This wasn’t how we envisioned it would be. Not even close. We had visions of welcome home parties, a laughing baby, up-all-night swaddling, and grandparent spoiling dancing in our heads. But not this. And that’s okay.
We’re plagued with an undeniable and overbearing sense to control everything, even if we don’t realize we’re doing it. Think about it – you wake up, you make your bed YOUR way, get dressed YOUR way, make breakfast YOUR way, go to work and drive YOUR way, and spend the day generally doing what YOU want to do because YOU are your own person and that’s how it should be. But what if it wasn’t? What if someone came in and said, “Nope, today we’re doing everything my way. And there’s absolutely nothing you can do about it.” Now imagine that, not only did someone come in and turn YOUR life upside down, but they experience chaos the entire day. You’d probably be a little angry, a little confused, a little powerless and resentful, and maybe even ask, “Why me?” This is what a NICU parent experiences. Every. Single. One.
When something like this happens to us, one of the first things we do is blame ourselves, no matter how irrational such a perception may be. We think maybe we should have done something differently. Maybe if I’d eaten more. Maybe if I’d eaten less. Maybe if I didn’t push myself so hard. Maybe if I’d have quit my job. Maybe if I prayed harder. Maybe if I didn’t cuss at that one lady who cut me off on the interstate. I’m here to tell you, unequivocally and from personal experience that it’s 100% NOT your fault.
Sometimes these things happen and no one can control it. It’s not our jobs to ask why it happened or, less importantly, why it happened to us. It’s our jobs to respond. This isn’t something that happened TO you. It’s something that happened FOR you to open your eyes, to see the world a little differently than before, to understand something. YOU need to figure out what that is and harness it. Bottle it up and use it to do something good. Remember this, anyone can take a negative situation, create a negative perception, and wallow in it. It takes someone spectacular to take a negative situation and turn it into something good.
After we blame ourselves, we then feel a sense of sorry for our little ones because we put them in their situation. We look at their circumstances, what with all of the nurses and doctors, the tubes and wires, and perceive them to be powerless and pity them, causing us to blame ourselves even more than we already do. Much like it’s not our jobs to wonder why, it’s not our jobs to feel sorry for them. Why? They aren’t feeling sorry for themselves. They’re in their isolettes and cribs EVERY DAY fighting for one more breath of fresh air, looking back at you with bright eyes and a big heart. Don’t pity this. Be inspired by it.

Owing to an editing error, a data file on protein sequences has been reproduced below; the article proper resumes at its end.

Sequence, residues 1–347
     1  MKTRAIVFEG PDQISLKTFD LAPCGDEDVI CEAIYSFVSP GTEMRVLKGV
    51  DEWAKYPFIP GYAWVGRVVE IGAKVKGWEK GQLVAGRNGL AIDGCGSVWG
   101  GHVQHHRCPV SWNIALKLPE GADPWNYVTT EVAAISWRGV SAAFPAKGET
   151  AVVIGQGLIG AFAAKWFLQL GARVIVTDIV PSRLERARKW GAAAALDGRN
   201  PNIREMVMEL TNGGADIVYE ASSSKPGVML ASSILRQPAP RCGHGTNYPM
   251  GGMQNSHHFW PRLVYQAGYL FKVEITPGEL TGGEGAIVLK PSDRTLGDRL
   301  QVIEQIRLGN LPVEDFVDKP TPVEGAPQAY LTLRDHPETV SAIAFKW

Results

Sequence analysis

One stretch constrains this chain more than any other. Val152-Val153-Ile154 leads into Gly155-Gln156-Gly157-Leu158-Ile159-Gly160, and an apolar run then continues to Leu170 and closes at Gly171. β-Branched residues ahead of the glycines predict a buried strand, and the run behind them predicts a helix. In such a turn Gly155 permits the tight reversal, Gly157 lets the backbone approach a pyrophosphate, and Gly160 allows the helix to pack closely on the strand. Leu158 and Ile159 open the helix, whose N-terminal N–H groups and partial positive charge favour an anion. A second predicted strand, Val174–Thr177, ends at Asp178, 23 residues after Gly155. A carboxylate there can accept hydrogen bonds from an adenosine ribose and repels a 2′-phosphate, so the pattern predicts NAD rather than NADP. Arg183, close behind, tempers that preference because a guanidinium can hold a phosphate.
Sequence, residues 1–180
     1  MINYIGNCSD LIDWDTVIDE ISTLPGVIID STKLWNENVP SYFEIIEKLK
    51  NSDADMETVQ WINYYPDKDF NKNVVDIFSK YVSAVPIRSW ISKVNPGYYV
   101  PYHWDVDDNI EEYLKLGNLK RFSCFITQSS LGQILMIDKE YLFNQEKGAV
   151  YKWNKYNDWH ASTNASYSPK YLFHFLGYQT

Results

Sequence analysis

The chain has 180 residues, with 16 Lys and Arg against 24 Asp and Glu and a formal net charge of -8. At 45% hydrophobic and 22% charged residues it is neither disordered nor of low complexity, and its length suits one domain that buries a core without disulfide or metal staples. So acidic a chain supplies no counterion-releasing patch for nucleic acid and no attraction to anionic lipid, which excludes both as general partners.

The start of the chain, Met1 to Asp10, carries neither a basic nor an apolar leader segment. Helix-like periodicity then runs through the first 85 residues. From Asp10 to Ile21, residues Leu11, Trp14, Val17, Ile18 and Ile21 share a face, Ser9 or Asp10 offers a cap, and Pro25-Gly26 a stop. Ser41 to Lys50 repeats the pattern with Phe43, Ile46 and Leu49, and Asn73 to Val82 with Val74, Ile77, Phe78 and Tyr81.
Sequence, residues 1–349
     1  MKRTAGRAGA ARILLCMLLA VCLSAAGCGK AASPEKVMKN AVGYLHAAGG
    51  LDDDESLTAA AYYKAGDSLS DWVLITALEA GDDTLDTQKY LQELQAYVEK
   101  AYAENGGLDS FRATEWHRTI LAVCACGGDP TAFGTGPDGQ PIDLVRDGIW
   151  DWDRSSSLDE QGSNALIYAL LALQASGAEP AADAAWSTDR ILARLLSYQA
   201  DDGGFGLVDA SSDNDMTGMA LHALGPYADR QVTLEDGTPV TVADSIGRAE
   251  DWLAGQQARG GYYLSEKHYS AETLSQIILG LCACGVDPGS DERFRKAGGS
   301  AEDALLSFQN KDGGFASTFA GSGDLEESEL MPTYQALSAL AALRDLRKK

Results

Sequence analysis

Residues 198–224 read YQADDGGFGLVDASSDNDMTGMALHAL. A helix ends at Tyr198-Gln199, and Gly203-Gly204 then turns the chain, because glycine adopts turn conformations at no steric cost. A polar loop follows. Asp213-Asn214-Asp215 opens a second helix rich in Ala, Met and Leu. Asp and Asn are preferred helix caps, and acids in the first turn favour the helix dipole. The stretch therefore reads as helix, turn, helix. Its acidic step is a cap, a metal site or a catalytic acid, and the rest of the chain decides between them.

Every day my son looks at me with his eyes, I feel the power in his little body and it’s telling me not to give up, not to give into this situation, and not to feel sorry for him or for myself. There’s power and there’s conviction in that. I’m supposed to be his rock as his father, yet he’s been my rock and makes me want to be better. DO better.
My challenge to any of you who may feel that something you did put someone you love in a negative situation is to ask yourself, “What can I learn from this? How do I take this situation and make it into something positive?” Don’t ask, “Why did this happen to me?”, but consider “I was chosen for this because I can do something good with it.” Life is too short for negative perceptions. Everything we learn and go through can and should be used to make this world a better place. My son taught me that.
Be on the lookout for something from me in the near future that I hope will help children and parents who are on the NICU journey to look within and be inspired. In the interim, please check out these charities for small babies and children and consider making a donation to help their cause. Pascale’s Pals has been fantastic in our family’s journey through the NICU.
Be Good. Do Good.
And God bless you!